Small wonder: the compact, deluxe family bathroom of a West Sussex home

A compact space has become a luxurious contemporary family bathroom, thanks to considered design and stylish fittings

With busy lives as property developers, Tim and Becky Field asked West One Bathrooms’ head of design Louise Ashdown to tackle the bathroom refurbishment in their new home.

Real life home: Small wonder
BIJOU LUXURY Measuring a compact 1,493mm long, the Vetralla bath is deep and made from smooth matt white Quarrycast stone resin for luxurious bathing

‘We had undertaken bathroom projects before, but they were all quite perfunctory in design,’ says Tim. ‘We needed Louise’s help to create something more special.’

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Real life home: Small wonder
CONTEMPORARY TWIST Matt black brassware crisply contrasts with the matt white bath, offset by the natural veining effect of the porcelain wall and floor tiles
Real life home: Small wonder
GREY TONE The compact WC is made from Brina matt ceramic to match the basin washstand

With children Madeleine, Theo, Nathaniel and Rafferty all under 10, Tim and Becky had chosen the five-bedroom home in West Sussex not just because they needed more space for family life.

The house is in a conservation area of properties built in the 1920s and 1930s by Harold Turner, an architect known for his Arts and Crafts style, distinctive metal windows and high-quality construction.

Real life home: Small wonder
CLEAN LINES A modern take on a classic washstand by Italian company Cielo, the Catino Ovale basin and shelf are made from matt grey ceramic on a matt black metal frame

‘We had always wanted to have a Turner house and this is a great example of his work,’ says Tim. ‘We wanted the bathroom to have a contemporary look, but one which also reflected elements of the architecture.’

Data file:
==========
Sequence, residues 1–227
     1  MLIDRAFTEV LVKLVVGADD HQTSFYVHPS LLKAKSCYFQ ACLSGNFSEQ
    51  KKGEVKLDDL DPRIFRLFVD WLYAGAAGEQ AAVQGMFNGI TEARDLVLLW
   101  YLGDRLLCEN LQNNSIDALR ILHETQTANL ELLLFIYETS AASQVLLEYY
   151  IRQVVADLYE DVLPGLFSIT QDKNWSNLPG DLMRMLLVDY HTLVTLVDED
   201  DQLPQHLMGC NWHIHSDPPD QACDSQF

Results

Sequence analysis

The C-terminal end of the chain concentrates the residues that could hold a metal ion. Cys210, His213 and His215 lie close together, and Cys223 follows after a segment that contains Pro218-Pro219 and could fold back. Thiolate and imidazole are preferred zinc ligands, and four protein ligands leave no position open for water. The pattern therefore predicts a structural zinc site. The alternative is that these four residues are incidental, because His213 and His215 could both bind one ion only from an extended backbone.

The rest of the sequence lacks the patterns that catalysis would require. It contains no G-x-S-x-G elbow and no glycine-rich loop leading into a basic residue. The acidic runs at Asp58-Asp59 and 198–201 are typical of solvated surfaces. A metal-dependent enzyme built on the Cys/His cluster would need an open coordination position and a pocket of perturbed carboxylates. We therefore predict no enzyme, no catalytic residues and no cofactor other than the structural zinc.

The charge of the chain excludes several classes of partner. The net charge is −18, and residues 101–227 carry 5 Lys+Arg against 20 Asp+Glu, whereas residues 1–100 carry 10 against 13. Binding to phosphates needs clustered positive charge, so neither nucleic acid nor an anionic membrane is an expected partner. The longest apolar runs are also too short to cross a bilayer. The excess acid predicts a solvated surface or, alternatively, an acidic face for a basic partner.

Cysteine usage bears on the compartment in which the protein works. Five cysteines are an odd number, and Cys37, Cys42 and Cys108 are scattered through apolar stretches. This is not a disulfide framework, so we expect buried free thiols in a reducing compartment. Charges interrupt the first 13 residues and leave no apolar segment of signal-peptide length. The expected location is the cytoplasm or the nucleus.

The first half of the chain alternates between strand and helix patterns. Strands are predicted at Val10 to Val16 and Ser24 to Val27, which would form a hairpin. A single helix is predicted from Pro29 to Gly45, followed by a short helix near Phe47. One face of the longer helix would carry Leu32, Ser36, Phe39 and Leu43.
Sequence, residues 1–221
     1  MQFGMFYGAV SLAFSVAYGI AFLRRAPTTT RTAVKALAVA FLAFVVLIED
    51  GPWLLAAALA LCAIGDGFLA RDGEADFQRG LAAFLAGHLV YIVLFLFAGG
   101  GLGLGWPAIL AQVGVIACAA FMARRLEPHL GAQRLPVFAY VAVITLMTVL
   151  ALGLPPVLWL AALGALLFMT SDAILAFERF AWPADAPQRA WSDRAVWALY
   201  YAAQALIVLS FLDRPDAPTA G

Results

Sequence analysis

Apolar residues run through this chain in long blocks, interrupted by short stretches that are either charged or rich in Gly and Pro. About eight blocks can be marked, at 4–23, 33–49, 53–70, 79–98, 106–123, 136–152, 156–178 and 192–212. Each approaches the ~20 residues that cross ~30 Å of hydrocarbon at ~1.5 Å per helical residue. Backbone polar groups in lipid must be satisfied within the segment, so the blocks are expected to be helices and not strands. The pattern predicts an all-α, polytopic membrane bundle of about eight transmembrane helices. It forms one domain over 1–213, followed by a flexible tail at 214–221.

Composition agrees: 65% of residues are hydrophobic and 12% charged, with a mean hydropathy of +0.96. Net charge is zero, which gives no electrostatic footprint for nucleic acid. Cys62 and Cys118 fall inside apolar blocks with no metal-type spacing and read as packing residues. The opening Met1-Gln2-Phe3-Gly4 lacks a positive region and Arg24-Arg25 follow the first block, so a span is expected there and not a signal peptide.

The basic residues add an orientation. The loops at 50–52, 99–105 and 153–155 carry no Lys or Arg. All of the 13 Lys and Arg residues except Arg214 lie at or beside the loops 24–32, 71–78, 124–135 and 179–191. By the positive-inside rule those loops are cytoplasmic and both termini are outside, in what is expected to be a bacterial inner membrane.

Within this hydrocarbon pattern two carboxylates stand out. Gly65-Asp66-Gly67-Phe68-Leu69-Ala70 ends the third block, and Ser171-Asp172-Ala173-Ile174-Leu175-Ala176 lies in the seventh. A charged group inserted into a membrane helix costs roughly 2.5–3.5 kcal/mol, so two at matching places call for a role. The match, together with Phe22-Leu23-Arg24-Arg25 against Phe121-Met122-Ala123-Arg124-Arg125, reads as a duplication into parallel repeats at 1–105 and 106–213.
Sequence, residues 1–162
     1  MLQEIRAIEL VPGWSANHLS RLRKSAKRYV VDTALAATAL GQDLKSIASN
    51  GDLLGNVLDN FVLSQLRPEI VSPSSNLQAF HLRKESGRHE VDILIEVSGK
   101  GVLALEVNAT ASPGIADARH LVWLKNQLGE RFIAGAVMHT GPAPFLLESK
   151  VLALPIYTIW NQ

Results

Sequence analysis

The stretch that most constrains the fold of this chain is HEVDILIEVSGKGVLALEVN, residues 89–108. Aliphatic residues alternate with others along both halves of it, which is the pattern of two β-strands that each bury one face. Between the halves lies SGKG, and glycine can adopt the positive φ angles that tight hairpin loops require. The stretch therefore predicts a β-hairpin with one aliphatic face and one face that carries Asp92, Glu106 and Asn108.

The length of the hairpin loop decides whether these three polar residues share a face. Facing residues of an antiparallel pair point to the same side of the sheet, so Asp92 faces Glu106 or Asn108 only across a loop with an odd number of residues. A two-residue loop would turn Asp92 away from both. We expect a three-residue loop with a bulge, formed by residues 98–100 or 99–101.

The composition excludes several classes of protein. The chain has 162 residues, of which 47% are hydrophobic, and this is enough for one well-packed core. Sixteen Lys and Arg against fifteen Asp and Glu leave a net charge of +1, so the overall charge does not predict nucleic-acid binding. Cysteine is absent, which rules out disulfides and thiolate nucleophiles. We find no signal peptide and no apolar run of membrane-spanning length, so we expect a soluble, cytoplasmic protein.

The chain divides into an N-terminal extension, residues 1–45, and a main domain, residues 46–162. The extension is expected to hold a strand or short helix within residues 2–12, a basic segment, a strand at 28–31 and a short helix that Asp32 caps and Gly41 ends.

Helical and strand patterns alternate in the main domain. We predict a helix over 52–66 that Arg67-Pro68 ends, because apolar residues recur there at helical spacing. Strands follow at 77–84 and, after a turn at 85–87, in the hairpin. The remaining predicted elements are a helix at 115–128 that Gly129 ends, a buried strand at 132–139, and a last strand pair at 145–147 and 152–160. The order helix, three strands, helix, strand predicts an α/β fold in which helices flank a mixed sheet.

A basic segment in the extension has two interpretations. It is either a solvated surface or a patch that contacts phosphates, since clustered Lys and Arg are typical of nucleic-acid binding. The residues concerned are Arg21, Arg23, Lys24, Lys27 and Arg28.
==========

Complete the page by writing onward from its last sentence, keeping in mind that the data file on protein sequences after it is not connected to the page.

Real life home: Small wonder
IN THE FRAME The shower screen adds simple definition to the room, without blocking natural light

The couple decided to convert a former bedroom into a family bathroom, ‘shaving off’ some of its space to make room for a new corridor to the extension.

Real life home: Small wonder
OFF BEAT The hexagon-shaped wall tiles are highlighted by the way they stop short of the window and keep their edging by the shower, accentuating the originality of this design

‘Although the new bathroom is quite shallow, we needed it designed for family use, with a bath and walk-in shower,’ explains Tim. ‘Louise designed a brilliant layout with everything we wanted, but without any sense of feeling cramped.’

Real life home: Small wonder
HONOURING HERITAGE Accents of matt black punctuate the design and give a nod to the home’s Arts and Crafts heritage

Matt black taps, shower fittings and detailing were chosen to echo the original black metal-frame windows of the house, while the position of the freestanding bath showcases the original bay window. ‘The bathroom has shown us how a beautiful design can make all the difference to the success of a home,’ says Tim.

Project profile:

Q&A with Louise Ashdown, head of design at West One Bathrooms

How did you develop the layout? The room measures about 1.75m in depth by 3.6m in width, so the shallow size meant there was really only one position for the bath – under the bay window. We chose an elegant but simple freestanding tub to both catch the eye and create a more spacious feel than a fitted, boxed-in design. This left one end of the room for the walk-in shower, with the level access chosen to make it easy for the children to use and leaving enough room for Tim and Becky to supervise them. This meant there was space at the other end of the room for a modern take on a washstand with basin, and the WC.

How did you choose the brassware? This is from our Fifth Avenue collection, finished in matt black. The wheel handles are inspired by industrial design, particularly engine rooms, while the black finish picks up on the metal-framed windows of the house. 

And the palette of materials? The grey ceramic of the basin and WC is quite unusual and blends well with the white and grey marble effect of the porcelain tiles and the cool grey-white shade chosen for the walls. The hexagon tiles create a honeycomb effect on the wall, adding a little interest and fun without destroying the overall feeling of calm.

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Photos by Paul Craig.